How to Achieve High-Performance Buildings With Use of Energy Modeling

“Energy-modeling is the virtual or computerized simulation of a building or complex that focuses on energy consumption, utility bills and life cycle costs of various energy related items.”


This can range from lighting, air conditioning, hot water, and so on.


This can be a virtual or physical representation of a building’s systems. Many benefit from energy modeling—from engineers and manufacturers to building owners and tenants.


Here are 5 ways to achieve high-performance buildings with the use of energy modeling and building simulation:

(This list was pulled from “5 ways to achieve high-performance buildings using energy modeling”, an article by Eddy Santosa, an energy modeling lead in CallisonRTKL’s Seattle office.)


  1. Start early

Having a fully developed plan every step of the way will lead to long-term environmental and fiscal benefits. Energy models should be used as early as the conceptualization phase. By beginning the modeling early, Callison RTKL, a global architecture, planning and design firm, has seen “an average 10 percent increase in energy performance compared to projects that do not implement early energy modeling.”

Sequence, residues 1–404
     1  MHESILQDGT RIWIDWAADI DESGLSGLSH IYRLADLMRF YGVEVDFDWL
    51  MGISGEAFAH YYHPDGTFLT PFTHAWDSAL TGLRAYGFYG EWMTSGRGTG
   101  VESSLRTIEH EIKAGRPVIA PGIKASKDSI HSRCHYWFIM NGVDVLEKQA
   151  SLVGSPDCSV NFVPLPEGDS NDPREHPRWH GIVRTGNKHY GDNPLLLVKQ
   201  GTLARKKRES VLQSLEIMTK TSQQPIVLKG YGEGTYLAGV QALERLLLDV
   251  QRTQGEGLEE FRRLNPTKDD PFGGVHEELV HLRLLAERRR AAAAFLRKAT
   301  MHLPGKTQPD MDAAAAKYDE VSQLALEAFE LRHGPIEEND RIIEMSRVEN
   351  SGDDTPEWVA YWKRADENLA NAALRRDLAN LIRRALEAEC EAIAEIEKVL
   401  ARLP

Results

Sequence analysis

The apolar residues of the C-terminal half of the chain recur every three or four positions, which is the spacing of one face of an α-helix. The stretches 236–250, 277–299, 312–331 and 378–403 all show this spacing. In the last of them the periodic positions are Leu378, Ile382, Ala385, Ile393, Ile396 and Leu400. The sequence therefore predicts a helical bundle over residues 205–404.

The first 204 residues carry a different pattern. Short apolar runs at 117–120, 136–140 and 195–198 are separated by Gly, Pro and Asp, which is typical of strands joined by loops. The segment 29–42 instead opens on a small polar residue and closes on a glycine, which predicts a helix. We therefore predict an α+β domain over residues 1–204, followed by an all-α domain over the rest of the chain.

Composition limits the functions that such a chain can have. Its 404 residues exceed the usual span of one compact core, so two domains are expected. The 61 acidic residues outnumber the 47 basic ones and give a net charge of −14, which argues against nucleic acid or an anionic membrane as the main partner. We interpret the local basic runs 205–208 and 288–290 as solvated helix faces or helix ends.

1. Don’t limit your resources, collaborate!

Collaboration is key. For larger firms, it’s recommended they establish an internal energy modeling group to facilitate collaboration between groups in different disciplines. Rather than coordinating with the mechanical engineer alone, buildings will achieve higher performance when the architects work directly with the energy modeler. This will be helpful when coordinating and determining the building envelope assembly and design.


  1. Track your progress along the way

For the entire duration of the project, it’s essential to monitor and track energy performance all the way through construction. These energy models and performance records can be included in project submittals.


  1. Provide a financial assessment

When it comes to energy, your customer is concerned with the bottom line, the ROI, and the financial impact of their investment. In addition to collaborating for the energy modeling, it’s key to team up with a cost consultant/contractor for an in-depth look at the lifecycle cost analysis for the project.


  1. Check the envelope requirement before submitting to the city or LEED

Lastly, the architect of record is responsible for the envelope design. They are to check the energy report during envelope assemblies before signing and submitting to the city or LEED.


Want to read more on this topic? Visit the sites below for more information:

International Building Performance Simulation Association –

Information about Energy Modeling & Building Simluation –

5 ways to achieve high-performance buildings using energy modeling –



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